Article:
The real key to this bullpen remains the same, getting rid of Farnsworth. The New York Post reported that he went got through waivers (no surprise there) so he can be traded at any point. Yes, the Yankees might have to eat some money, but unlike the Igawa situation (BTW- the Yankees pulled him back yesterday) Farnsworth is hurting the team while Igawa is stashed in the minors. Cashman needs to hold his nose, admit his mistake and make the best deal he can. Then, get Chris Britton or Russ Ohlendorf up to the Bronx to fill his spot. Then you have Henn and Villone as your long guys, Vizcanio and Joba for the 8th and Ramirez and Britton or Ohlendorf for the 7th and 8th as needed. The Yankees need more flexibility in the bullpen and getting rid of Farnsworth would provide them with that.

Of course, Ramirez has to prove he can pitch here as well. That is still an unknown, but we will never find out unless Joe starts using him.

Back after the game.

UPDATE: Brower has been optioned back to Scranton because he agreed to an option when he signed with the Yankees. I guess he is insurance in Scranton, but I hope Britton is the next guy called up if they need someone.

Goodbye Scooter

Phil Rizzuto died today at 89. While I was much too young to ever have seen him play, Scooter was the voice of the Yankees when I was growing up. Whether it was talking about cannolis, or complaining about traffic on the GW, Rizzuto always was entertaining. From Seinfeld to Meat Loaf, his famous “Holy Cow” became know to millions outside of New York. I only hope they got a chance to hear the real thing, it was a treat.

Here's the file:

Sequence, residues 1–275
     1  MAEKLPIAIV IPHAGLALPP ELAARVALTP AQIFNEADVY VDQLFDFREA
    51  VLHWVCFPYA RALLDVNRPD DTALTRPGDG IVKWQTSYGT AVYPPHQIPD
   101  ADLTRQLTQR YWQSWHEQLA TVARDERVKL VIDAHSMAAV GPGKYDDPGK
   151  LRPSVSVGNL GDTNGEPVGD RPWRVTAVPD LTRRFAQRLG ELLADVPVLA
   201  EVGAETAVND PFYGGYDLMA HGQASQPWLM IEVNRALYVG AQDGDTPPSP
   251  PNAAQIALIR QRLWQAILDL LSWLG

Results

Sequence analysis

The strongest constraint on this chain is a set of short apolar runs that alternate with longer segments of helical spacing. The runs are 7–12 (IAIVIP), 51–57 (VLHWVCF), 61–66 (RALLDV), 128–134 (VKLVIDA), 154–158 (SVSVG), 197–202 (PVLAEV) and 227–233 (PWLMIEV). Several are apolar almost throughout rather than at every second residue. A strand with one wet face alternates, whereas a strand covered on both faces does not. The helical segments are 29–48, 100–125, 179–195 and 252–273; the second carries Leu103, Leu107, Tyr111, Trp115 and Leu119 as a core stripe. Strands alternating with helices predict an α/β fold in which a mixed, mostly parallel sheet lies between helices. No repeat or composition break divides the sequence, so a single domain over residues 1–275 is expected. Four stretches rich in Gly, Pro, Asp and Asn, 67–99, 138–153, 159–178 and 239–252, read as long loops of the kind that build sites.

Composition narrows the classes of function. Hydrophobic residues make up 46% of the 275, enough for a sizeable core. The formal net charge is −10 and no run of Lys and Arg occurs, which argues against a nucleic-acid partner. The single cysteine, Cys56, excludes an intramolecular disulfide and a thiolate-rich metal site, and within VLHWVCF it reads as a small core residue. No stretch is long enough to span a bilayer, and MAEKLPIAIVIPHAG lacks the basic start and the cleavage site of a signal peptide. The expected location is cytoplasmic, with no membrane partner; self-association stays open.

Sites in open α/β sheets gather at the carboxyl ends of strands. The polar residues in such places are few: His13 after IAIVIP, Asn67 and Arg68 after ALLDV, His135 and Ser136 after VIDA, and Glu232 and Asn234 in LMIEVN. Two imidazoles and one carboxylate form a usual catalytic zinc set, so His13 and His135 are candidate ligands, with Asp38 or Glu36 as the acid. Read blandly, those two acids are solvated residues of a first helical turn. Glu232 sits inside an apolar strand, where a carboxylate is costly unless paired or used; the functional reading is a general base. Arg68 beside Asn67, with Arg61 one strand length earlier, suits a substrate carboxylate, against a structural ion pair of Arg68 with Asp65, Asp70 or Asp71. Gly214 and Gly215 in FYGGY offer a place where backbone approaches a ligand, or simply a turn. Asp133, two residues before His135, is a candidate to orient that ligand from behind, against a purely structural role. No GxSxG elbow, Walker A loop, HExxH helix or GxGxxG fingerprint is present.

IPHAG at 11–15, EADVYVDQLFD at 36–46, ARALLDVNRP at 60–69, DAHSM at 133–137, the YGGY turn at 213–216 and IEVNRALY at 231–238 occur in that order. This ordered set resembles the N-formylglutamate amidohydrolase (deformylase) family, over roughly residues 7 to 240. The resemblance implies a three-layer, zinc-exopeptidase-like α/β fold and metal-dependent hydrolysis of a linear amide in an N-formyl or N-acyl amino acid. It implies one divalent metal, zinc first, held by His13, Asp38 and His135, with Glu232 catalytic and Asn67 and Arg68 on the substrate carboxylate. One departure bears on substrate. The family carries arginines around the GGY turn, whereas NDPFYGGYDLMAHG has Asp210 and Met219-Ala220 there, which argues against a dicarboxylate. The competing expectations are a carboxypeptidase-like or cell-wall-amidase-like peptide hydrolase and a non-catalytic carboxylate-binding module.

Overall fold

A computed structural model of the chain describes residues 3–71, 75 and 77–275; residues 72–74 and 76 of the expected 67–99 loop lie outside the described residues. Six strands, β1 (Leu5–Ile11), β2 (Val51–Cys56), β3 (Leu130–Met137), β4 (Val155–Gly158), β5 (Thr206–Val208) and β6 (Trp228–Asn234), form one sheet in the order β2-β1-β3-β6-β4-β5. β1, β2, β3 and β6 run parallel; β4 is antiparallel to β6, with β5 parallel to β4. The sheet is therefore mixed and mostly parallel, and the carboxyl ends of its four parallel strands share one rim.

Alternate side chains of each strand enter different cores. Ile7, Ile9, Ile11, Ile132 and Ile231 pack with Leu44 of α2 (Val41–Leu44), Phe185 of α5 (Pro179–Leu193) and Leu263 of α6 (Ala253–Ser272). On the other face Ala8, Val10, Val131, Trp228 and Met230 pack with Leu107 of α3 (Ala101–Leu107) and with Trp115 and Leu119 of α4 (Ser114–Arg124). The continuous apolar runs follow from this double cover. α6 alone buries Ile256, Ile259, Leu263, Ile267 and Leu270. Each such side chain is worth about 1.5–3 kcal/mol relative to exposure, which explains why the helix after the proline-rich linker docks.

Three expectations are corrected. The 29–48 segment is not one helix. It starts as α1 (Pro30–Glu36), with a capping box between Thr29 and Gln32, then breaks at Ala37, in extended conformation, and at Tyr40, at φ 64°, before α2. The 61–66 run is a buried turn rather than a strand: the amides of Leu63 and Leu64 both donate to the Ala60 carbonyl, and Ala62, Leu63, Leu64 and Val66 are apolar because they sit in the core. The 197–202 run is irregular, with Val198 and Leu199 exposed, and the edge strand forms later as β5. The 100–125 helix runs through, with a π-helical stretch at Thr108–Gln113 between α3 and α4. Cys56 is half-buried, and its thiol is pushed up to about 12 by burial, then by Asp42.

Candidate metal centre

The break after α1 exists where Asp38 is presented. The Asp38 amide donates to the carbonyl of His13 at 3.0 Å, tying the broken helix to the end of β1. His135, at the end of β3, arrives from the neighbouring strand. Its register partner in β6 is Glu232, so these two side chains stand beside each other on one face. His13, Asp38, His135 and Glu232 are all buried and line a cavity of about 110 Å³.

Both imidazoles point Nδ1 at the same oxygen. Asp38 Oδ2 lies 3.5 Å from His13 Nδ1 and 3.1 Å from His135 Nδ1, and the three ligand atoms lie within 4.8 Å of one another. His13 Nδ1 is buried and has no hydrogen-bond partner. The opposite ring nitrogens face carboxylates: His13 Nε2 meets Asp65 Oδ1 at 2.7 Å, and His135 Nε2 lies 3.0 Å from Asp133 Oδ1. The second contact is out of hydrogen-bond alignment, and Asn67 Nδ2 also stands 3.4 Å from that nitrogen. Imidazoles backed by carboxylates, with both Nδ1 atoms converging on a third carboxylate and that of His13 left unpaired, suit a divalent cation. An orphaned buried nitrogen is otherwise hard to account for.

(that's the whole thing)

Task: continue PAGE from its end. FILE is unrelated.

Quite The Weekend

Six games into the critical stretch of the season and the Yankees are 5-1. They are now 15 games above .500 and tied for the wild card. Oh yes, they are only four games in back of the Red Sox, but it is still silly to talk about that because the math while better is still ugly. (Red Sox play at current clip of .600 Yankees have to go 31-14 to tie. My advice, focus on the wild card).

As positive as things look right now, in some ways a stricter test is coming up Monday. Cleveland ran out two bad pitchers against the New York lineup, Baltimore won’t do that. Jermey Guthrie and Erik Bedard have ERA’s of 3.22 and 3.11. Daniel Cabrera, while sporting a 5.14 ERA for the year, still has managed 122 K’s and has electric, if erratic stuff.

This will be very interesting to watch and while many would look at the schedule and expect an easy series, I wouldn’t do that. Things are good right now and it will be interesting to see if the incredible offense continues against two very good pitchers.

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The news that Kei Igawa has been claimed by San Diego and could be traded to them has prompted a lot of cheers in the Bronx. After all, with all the young pitching, why do we need Igawa?

Count me in among the crowd that doesn’t want to see Igawa pitching in a Yankees’ uniform anytime soon, but you simply can’t give him away. The Yankees spent $46 million on him and $26 of that is a sunk cost. No team is going to eat that big a chunk of money without something to show for it. Whatever team gets Igawa will have the next 4+ years to try and fix him and only have to pay $4-million in the process. As much as I want him gone, I would rather let him try and get things back together in AAA instead of giving him away for a song.

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One thing that the Yankees have to do is resolve the Farnsworth situation. Yesterday, Joe Torre had the following options for the 8th inning: Vizcaino, Rivera, Farnsworth and Villone. Chamberlain was out because he had pitched two innings Friday. (The Joba rules state that he gets the same number of days off as innings pitched, so two innings of use=two days off) Brower was with his wife who just gave birth. Karstens is being saved to start tomorrow, which means four guys were left and Joe trusts two of them. Protecting Chamberlain is vital, but it would be easier to do if the Yankees had someone else to pitch the seventh or eighth. Obviously, Kyle is never going to be that guy again in Joe’s eyes, so get someone who could possibly fill that role.

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Last but no least, as good as the offense has been, Andy Phillips is not pulling his weight in the lineup, if they won’t let Giambi or Damon play first, how about unchaining Shelley Duncan from the bench? The guy has five home runs in 35 AB’s, shouldn’t we see some more of him?

No Blood